I tried to call the friend who had recommended it and she was in Germany. (This was also before people used cell phones like they do now.) Oy.

I had made a reservation for two nights at some mystery place with my credit card. So, now what did I do?

I decided that if I saw the name of the place I would recognize it. And really, how many Bed & Breakfasts could there be in the Asheville area?

Donna and I arrived in Asheville in the pouring rain. We drove around for a while and found a visitor’s center. We went in and I described my dilemma to them. After making some sarcastic remarks that Donna appreciated more than I did, they handed me a listing of B & Bs in Asheville and said that if I needed to use their phone, I could.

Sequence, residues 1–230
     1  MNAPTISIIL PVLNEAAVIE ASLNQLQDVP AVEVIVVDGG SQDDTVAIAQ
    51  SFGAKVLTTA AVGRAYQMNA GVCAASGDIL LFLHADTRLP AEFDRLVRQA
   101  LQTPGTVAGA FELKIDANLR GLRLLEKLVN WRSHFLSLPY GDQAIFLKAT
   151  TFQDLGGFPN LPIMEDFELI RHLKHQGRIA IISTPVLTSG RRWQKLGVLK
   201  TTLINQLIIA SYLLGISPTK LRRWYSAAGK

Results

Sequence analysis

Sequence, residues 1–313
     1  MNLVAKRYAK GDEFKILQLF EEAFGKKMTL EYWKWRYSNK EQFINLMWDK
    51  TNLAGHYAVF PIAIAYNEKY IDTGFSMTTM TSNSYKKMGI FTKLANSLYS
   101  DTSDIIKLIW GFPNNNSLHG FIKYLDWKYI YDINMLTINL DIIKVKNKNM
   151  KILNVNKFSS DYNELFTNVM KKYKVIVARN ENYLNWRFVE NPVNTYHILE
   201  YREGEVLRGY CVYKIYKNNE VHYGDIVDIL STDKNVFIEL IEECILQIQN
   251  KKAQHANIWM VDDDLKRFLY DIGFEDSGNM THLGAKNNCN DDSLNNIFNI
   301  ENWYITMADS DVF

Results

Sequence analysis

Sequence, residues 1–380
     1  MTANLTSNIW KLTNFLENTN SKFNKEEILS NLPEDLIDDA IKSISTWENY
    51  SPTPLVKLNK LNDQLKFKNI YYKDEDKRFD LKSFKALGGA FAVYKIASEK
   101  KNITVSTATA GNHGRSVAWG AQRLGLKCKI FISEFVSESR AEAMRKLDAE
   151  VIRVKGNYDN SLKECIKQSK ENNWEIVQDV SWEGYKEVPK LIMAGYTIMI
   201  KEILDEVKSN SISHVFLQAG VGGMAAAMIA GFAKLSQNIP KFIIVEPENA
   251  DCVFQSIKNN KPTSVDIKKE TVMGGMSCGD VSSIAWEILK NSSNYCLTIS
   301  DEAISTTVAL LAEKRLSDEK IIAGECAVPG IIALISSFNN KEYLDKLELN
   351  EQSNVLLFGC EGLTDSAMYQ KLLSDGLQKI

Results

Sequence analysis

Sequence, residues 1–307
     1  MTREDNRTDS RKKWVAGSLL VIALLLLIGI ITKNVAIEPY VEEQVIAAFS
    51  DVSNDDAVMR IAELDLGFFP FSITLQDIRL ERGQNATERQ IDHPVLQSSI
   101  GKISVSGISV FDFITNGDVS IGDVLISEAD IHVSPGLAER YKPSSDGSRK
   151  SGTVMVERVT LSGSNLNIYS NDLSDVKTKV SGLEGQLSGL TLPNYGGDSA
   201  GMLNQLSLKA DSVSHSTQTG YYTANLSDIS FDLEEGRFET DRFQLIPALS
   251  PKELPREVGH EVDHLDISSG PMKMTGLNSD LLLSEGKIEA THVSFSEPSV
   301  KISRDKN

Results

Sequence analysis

Well, if you've ever been to Asheville, you probably realize that there are a lot of cities that have smaller phone directories than the book they handed me.

I sat down and started randomly calling places. “Hello, do you have a reservation for Nancy Kraft for tonight?”

They weren’t allowed to give out that information, they would tell me. So then I’d start whining, “No, you don't understand. I’m Nancy Kraft. I want to know if I made a reservation there. I made a reservation somewhere and I can’t remember where it was.”

I suspect most of them thought I was making a crank call because of all the laughter they could hear in the background. Donna was thoroughly enjoying this.

After about twenty calls, I finally called a place that assured me they were the B & B where I had made a reservation. So, who’s laughing now, Donna?

When I got home the long-awaited letter of confirmation was waiting for me in my mailbox. It was not from the place where we stayed. 

So, tomorrow afternoon another installment in "The Adventures of Donna & Nancy" begins at Charlotte-Douglas Airport and I’m expecting more trouble. Of course, I mean that in the best way possible.